Blockchain specs are highly complicated and are often completely misunderstood. It’s extremely hard to find specification explanations that are written in laymans english. This is a great chance to show why Vertcoin is built the way it is.
‘Marketing speak’ has currently ruined the Cryptocurrency space. The space full of people who have no clue what they’re talking about…talking about specs of which they have no idea the implications of. Most of these people would probably try to sell you a blockchain toaster and convince you it’s a good idea.
tldr: 99% of people in the crypto space have no idea what they’re talking about, which makes cryptocurrency a much scarier place than it already is.
Guide: If you have any further questions, talk to anyone on Discord, they'd be happy to talk technicals.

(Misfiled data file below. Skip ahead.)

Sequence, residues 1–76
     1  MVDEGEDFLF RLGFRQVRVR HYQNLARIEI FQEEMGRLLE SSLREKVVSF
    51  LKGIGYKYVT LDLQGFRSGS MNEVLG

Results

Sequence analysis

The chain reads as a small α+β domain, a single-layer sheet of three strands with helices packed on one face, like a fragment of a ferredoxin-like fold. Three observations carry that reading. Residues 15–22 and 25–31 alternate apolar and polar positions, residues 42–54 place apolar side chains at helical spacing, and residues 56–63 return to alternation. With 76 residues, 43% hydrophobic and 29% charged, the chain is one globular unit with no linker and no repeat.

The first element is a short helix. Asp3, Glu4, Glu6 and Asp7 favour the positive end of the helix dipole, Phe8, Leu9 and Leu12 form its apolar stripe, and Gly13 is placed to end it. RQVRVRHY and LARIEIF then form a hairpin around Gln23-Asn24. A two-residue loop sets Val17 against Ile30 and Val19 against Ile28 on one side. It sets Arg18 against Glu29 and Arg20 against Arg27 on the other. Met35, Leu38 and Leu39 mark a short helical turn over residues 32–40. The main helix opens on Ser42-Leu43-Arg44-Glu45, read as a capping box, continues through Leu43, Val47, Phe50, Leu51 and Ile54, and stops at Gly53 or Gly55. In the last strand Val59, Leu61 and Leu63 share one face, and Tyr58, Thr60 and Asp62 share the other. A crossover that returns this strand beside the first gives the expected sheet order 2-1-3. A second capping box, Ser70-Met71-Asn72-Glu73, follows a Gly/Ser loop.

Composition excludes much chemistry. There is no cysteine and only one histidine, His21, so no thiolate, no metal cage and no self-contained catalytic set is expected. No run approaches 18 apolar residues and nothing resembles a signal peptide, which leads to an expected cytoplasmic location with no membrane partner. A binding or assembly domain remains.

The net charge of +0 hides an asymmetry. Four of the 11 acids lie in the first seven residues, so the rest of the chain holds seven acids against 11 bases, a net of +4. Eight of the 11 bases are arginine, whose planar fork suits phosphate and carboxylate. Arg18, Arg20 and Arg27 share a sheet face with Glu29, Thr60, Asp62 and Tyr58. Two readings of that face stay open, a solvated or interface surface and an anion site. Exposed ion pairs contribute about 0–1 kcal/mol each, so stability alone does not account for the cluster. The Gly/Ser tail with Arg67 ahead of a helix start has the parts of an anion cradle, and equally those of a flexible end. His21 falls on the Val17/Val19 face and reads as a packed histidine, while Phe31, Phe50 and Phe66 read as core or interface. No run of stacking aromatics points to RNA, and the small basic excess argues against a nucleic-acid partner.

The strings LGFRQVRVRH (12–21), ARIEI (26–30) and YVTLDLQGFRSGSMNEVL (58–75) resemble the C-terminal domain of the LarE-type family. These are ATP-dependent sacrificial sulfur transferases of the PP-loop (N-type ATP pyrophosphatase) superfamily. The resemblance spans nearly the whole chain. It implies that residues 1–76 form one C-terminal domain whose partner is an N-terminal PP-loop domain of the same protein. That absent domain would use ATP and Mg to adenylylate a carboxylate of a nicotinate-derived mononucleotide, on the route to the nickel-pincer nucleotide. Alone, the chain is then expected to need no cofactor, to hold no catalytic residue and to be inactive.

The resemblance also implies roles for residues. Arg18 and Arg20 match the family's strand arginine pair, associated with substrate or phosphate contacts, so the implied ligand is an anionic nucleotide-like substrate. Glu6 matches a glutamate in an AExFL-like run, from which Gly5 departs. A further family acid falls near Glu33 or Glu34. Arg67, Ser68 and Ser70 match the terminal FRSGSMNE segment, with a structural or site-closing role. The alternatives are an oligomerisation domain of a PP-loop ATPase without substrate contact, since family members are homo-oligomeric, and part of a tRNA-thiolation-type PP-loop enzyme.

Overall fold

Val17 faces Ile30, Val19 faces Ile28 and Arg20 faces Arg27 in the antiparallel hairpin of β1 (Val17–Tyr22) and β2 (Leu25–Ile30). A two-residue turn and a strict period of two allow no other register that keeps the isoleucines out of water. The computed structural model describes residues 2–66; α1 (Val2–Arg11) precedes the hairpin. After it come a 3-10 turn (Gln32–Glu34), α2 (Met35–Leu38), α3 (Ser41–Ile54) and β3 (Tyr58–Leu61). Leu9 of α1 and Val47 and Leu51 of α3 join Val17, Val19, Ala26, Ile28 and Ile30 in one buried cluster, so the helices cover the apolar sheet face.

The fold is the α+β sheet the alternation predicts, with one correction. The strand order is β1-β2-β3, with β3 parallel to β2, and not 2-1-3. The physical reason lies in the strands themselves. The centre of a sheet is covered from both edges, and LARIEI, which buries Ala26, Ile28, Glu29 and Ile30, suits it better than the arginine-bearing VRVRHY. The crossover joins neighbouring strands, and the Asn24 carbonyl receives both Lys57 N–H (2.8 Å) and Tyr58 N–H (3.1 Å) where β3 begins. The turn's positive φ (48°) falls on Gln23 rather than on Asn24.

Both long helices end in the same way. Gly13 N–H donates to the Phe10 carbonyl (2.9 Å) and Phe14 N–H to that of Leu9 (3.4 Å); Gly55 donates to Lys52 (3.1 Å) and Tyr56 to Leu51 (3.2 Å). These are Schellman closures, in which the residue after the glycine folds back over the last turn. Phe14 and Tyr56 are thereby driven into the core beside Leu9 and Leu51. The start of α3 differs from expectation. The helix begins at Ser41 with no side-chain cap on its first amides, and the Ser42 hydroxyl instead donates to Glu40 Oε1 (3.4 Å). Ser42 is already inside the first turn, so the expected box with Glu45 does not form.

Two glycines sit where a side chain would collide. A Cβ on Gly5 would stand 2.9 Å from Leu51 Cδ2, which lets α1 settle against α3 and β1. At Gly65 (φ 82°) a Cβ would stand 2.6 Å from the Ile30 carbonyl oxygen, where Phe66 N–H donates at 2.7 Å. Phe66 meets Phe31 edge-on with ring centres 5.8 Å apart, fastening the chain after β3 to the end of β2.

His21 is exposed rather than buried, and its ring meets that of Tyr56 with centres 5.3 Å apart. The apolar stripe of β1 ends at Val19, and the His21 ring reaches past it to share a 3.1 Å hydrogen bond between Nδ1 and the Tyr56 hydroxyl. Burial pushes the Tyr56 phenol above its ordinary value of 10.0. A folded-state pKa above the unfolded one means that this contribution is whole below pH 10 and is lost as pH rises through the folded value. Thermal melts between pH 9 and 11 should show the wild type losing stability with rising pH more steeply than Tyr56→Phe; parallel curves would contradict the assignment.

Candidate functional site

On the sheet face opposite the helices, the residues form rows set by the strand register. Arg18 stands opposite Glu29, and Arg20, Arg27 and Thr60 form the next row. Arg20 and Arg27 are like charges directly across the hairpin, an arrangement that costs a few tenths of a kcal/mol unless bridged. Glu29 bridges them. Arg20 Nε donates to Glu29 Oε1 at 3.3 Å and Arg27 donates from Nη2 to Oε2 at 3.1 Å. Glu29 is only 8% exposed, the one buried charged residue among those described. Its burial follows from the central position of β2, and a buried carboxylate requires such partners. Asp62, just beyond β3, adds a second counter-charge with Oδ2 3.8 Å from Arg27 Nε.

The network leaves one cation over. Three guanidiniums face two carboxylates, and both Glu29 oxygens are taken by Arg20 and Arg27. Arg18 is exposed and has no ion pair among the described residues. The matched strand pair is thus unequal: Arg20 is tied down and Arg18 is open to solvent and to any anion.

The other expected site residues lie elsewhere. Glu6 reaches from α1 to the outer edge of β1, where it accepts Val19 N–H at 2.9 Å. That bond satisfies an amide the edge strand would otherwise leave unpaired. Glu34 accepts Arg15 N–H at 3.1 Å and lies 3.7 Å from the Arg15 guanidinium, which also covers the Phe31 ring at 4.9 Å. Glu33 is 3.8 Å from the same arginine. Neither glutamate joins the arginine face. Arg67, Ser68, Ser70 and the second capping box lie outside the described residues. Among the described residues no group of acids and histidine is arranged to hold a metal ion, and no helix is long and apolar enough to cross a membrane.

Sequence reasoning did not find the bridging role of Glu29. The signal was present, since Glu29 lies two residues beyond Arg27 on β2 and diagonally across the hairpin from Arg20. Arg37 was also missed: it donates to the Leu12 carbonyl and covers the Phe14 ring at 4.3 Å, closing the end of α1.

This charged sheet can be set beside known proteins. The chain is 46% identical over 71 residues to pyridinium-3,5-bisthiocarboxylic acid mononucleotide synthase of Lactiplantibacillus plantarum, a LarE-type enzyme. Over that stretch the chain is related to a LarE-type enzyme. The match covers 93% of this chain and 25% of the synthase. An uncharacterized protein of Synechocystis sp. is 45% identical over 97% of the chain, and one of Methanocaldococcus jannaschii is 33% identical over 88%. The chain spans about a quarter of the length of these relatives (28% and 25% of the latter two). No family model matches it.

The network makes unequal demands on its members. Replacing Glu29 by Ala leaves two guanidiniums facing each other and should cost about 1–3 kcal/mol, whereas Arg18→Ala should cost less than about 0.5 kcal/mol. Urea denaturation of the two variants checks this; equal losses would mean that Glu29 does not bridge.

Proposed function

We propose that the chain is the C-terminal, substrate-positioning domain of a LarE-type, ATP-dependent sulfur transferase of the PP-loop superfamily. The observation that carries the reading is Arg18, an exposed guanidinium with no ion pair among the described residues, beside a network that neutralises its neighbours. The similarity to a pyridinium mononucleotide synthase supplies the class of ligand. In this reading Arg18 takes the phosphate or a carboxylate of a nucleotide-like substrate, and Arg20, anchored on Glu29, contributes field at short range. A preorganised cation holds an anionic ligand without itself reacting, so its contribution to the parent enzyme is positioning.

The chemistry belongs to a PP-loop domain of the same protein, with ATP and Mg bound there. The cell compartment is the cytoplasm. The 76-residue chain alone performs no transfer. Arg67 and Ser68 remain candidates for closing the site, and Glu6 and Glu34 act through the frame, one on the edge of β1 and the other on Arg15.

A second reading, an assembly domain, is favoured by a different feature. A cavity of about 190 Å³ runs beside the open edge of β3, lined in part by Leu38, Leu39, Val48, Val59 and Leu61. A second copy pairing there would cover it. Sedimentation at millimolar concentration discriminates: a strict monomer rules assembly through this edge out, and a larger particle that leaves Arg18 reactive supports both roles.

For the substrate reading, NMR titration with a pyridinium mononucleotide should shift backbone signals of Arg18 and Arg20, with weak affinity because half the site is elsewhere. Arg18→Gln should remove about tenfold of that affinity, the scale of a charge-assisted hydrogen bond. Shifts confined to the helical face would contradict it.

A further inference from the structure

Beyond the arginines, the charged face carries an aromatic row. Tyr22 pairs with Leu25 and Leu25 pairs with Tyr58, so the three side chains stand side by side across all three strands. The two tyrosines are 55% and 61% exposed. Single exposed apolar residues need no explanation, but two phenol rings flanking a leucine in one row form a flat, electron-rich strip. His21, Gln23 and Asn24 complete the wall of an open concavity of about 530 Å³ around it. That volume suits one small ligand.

A blockchain by itself is a very awkward way of storing data, by itself it’s fairly useless. Everything a blockchain can do by itself, a central database can do better.
The paired consensus/security mechanism is the interesting part. This mechanism allows a decentralization of trust in the network ie: having many people validate and store history of the history of events.
However, this decentralization is not automatic. Over time is it paramount that these systems are made to diverge their trust over time to as many people as possible. Systems that converge over time place more power in the hands of a few people. There are quite a few different consensus mechanisms, we’ll try to cover them here.
tldr: Blockchains by themselves are useless. The valuable part is the paired consensus mechanism which must diverge ownership over time to be effective.
Proof-Of-Work is one of the aforementioned consensus mechanisms. It is also highly misunderstood.
Proof-Of-Work ensures the blockchain security through users putting energy in to solve crypto graphic proofs, this energy cannot be cheated which is why Proof-Of-Work is so good when it comes to security.
On top of this, Proof-Of-Work operates in a permissionless manner which is important long term to ensure divergence of trust.
tldr: Proof-Of-Work + Blockchain is a bigger deal that you think it is.